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Establishing brand Beijing

Updated: 2012-12-17 13:51
By Yao Jing ( China Daily)

Establishing brand Beijing

Gerault says Esmod reproduces France's style of education in China by cultivating students' creative abilities. Provided to China Daily

Establishing brand Beijing

For seven years the French fashion design school Esmod Beijing has been training the next generation of designers. Yao Jing talks to the company's international director Zora Belmejdoub Gerault.

A Moroccan who came to Beijing via Paris is helping produce the next generation of fashion designers.

And while many Chinese independent fashion designers have burst onto the scene in recent years, many boast of being educated overseas.

It dawned on someone one day that in all of this there lay another marketing possibility: educating designers in the land of their birth.

Thus, seven years ago, the venerable French fashion design school Esmod Paris arrived in Beijing, aiming to cash in on this idea.

Establishing brand Beijing

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Pulling the strings behind the scenes was Zora Belmejdoub Gerault, international director of Esmod Beijing.

Esmod, expecting that the Chinese fashion industry would expand rapidly and that more young people would want to learn about European fashion, first came to Beijing in 2005, Gerault says.

Esmod International Fashion University Group goes back to 1841, when Alexis Lavigne, a tailor, set up L'Ecole Superieure des Arts et Techniques de la Mode in Paris, which the company says was the world's first fashion school.

There would be few who design or make clothes and who would not have had something to do with Lavigne, for it was he, Esmod claims, who invented the flexible measuring tape.

These days, Esmod boasts 24 schools in 12 countries, including France, Germany, Norway, Russia, Turkey, Lebanon, Brazil, China and Japan.

When the Beijing school opened seven years ago it had 60 students, and now it has 250, Gerault says. Its main courses are fashion design and pattern making, and a year's study costs 92,000 yuan ($14,700).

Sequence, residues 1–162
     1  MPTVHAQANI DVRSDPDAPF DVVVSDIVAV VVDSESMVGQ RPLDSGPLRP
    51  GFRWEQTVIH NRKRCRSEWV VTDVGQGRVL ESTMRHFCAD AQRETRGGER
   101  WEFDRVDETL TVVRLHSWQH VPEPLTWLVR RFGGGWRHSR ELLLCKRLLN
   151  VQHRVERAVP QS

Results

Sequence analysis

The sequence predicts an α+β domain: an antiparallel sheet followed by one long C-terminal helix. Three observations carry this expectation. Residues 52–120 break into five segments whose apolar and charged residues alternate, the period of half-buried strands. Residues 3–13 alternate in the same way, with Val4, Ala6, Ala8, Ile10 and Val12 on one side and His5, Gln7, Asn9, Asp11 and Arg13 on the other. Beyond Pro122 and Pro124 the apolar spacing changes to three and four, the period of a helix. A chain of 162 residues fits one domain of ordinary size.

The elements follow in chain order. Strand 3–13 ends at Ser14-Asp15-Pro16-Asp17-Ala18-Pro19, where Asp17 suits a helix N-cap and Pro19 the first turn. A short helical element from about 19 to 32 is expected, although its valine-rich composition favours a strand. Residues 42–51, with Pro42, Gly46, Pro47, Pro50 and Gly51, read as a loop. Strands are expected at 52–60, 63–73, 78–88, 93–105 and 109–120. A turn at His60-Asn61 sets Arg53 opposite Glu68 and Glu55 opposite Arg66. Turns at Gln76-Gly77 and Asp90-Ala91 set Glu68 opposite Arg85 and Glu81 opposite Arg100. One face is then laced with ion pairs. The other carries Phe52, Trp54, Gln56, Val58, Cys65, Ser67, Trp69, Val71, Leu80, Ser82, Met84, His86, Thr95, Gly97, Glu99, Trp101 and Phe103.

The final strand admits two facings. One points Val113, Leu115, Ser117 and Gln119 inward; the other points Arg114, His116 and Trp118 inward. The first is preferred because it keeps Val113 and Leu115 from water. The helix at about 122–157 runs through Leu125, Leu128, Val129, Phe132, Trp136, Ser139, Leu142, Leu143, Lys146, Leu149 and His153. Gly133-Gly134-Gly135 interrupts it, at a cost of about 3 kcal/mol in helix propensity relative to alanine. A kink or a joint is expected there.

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Befitting the company's international scope, Gerault, a Moroccan, set up Esmod schools in Casablanca and Rabat before coming to China to take charge of the Beijing school.

Gerault, 57, who mainly works on the management side these days, seldom teaching, says she gained a wealth of experience as a fashion design teacher in Paris and Morocco.

In Paris, apart from teaching, she was a fashion design adviser for the upmarket department store Galeries Lafayette.

No sooner had Gerault arrived in Beijing than she realized the difficulty of the task before her.

"At first, it was difficult for students to understand teachers from France, and the quality of the lectures was affected by the language."

She decided that each teacher, of whom there are now more than 10, needed a Chinese-speaking assistant to help with communication, and things greatly improved, she says.

The teachers are appointed by Esmod in Paris, and all the assistants are graduates of that school, she says.

But Gerault discovered that linguistic difficulties were relatively trifles compared with another challenge that defies an easy fix: cultural differences.

"Chinese students are weaker in creating things compared with the students in Paris," Gerault says.

The solution lies in reproducing France's style of education in China by cultivating students' creative abilities, she says, rather than by imposing the school's will.

"We teach them how to do research, how to imagine things and how to open their minds."

"We come from Europe, but we are now in China. I cannot change my students, but just try my best to adapt to them."

Establishing brand Beijing

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Part of that adaptation includes the approach to discipline.

"In France if a student does not work hard and hands homework in late, I deduct a mark and criticize them," she says. In China she asks teachers not to punish students but always to encourage them.

"When a Chinese student submits work in time or ahead of time, we add a point to the final score. They look forward to getting praise and then do better and better."

However, the most important prerequisite to learning is passion, she says.

When China Daily visited a classroom recently, 20 students, all aged about 20, were busy at their desks drawing a shirt pattern on white paper. It was a lesson about colors, said the teacher, Aurelien Lecour.

Lecour, who has more than 10 years' experience of pattern making and fashion marketing, said the work is arduous, but he does not mind being tired because producing good work demands time.

"I think my students are motivated. They know their ideal, and they are making an effort to achieve their goals."

Contact the writer at yaojing@chinadaily.com.cn.

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